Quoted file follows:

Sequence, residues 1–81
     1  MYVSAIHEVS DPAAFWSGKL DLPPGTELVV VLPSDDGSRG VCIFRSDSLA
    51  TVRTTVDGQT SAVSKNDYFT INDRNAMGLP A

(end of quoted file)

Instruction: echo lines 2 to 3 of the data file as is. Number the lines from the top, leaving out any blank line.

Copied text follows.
     1  MYVSAIHEVS DPAAFWSGKL DLPPGTELVV VLPSDDGSRG VCIFRSDSLA
    51  TVRTTVDGQT SAVSKNDYFT INDRNAMGLP A